International Adoption or Child Trafficking?

Maria Fernanda Alvarado lies at the center of Erin Siegal's true-crime investigation into the Guatemalan adoption system. Photo by Erin Siegal.

Between 1998 and 2008, nearly 30,000 Guatemalan-born children (mostly infants and toddlers) were adopted by U.S. parents. In some years, that meant that an astonishing 1 out of 100 children born in Guatemala was adopted by an American family. For most of that time, everyone but the prospective adoptive parents knew—or in some cases actively chose to “unknow”—that the country's international adoption system was a cesspool of corruption and crime, and motivated by money.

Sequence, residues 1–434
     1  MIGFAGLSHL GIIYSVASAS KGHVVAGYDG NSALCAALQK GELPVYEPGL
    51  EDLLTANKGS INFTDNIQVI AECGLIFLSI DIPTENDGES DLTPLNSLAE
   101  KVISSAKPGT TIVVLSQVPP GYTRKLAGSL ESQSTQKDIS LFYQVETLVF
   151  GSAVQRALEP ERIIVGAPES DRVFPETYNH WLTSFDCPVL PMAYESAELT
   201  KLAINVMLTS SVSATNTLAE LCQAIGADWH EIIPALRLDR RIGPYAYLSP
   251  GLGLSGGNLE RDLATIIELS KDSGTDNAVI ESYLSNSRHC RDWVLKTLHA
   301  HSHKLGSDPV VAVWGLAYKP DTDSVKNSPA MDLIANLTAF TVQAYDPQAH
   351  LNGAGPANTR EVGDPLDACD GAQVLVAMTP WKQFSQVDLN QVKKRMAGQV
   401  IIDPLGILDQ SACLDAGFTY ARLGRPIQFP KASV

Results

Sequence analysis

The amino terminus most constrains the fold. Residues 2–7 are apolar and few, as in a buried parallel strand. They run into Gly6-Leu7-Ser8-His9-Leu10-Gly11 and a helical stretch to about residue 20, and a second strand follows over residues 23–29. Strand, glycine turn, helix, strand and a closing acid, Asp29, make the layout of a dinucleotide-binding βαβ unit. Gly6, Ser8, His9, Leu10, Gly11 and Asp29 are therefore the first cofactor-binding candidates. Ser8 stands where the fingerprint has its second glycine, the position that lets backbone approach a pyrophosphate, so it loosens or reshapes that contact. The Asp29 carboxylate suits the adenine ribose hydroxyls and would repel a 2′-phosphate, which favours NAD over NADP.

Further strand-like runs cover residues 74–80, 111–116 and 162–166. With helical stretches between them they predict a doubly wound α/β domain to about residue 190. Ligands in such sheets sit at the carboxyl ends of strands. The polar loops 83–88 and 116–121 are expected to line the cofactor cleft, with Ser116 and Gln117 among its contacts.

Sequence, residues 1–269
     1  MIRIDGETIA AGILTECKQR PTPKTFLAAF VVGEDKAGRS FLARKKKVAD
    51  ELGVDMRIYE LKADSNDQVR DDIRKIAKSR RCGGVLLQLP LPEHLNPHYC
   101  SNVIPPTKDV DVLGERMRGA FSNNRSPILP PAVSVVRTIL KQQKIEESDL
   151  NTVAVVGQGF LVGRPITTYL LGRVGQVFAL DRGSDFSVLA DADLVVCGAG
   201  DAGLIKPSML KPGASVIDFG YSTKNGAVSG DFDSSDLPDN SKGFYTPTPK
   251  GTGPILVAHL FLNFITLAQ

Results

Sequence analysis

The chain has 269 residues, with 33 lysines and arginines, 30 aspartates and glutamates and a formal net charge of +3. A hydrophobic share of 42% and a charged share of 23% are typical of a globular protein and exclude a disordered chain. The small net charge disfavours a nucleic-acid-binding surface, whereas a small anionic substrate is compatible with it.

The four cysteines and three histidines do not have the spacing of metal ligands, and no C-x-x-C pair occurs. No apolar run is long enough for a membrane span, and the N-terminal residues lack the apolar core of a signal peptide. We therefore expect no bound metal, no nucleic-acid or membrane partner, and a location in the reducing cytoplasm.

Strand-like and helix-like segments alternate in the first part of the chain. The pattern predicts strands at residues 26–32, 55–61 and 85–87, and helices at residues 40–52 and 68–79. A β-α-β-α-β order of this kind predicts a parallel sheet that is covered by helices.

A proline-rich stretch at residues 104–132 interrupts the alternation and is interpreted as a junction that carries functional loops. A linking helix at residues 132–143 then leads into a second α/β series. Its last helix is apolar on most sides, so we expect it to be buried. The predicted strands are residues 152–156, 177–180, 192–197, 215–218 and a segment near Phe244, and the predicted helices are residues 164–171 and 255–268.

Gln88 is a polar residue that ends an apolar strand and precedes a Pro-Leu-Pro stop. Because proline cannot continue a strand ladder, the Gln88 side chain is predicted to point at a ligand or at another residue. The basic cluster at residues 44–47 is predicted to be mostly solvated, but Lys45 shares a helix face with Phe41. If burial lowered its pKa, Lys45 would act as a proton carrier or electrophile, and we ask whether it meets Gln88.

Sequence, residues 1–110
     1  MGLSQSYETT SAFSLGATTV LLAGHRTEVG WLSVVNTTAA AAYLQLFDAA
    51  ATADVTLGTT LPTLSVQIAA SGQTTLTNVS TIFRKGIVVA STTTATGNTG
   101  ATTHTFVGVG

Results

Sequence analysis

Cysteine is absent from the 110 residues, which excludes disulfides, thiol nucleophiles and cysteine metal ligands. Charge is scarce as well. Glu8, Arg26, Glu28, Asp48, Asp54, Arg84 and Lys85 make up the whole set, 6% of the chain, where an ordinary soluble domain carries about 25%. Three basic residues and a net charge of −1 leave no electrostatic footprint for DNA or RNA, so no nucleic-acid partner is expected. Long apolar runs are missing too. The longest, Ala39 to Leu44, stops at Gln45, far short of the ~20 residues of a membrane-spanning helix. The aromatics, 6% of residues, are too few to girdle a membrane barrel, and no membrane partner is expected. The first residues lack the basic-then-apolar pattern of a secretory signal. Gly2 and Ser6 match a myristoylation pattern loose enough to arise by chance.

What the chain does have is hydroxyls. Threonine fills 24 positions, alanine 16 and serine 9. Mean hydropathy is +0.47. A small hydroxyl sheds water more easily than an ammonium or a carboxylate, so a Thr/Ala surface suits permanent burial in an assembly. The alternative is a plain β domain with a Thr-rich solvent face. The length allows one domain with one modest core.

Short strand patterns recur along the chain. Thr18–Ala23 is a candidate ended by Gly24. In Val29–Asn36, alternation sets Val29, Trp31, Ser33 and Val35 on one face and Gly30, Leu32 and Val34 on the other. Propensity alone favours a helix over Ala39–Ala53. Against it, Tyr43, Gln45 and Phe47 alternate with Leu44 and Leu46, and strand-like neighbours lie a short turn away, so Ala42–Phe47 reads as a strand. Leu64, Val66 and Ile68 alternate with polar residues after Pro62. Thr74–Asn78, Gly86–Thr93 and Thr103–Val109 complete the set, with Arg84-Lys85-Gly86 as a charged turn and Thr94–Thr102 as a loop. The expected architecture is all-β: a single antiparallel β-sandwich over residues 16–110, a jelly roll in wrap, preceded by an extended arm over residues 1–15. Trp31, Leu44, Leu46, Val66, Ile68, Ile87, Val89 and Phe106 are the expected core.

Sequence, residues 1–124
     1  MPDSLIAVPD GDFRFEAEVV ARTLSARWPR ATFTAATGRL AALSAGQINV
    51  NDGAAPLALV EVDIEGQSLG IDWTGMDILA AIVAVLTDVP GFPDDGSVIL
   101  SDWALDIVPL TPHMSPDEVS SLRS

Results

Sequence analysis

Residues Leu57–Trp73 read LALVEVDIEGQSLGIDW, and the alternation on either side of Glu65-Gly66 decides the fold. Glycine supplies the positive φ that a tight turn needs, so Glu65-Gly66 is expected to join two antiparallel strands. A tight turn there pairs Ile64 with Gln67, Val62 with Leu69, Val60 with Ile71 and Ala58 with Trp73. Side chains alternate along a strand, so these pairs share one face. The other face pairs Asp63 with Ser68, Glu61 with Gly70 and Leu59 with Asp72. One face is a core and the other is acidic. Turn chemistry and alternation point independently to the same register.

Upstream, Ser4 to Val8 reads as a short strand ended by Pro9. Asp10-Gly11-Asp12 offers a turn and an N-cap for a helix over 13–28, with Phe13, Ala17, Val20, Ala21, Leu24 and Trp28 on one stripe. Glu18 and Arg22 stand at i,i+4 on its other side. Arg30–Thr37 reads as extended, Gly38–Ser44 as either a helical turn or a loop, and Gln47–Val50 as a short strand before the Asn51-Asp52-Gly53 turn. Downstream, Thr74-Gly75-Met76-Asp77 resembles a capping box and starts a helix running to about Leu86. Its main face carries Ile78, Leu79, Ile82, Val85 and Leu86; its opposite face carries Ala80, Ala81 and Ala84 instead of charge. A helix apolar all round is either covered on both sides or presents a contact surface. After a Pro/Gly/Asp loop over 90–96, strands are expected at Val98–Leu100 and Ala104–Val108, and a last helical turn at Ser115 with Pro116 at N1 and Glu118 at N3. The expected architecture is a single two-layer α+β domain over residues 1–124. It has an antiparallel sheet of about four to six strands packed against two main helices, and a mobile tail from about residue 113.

You're One of the Richest People in the World. You.

CNN Money delivered some startling news yesterday. Reporting on World Bank economist Branko Milanovic's book, "The Haves and the Have-Nots," you are one of the haves. Here's the deal:

While You Were Out

Yes, more has been happening in the world than the Iowa caucuses. (Am I the only one bored out of my mind by horse-race coverage? Do we really have ten months to go?) Some other recent news includes:

  • Spain's same-sex-marriage law makes politicians proud:

Newly departed Spanish Prime Minister Jose Luis Rodriguez Zapatero says that the ruling he’s most proud of from his nearly eight years in office is the passage of full marriage rights for his gay and lesbian countrymen.

Catholic Bishops versus Tolerance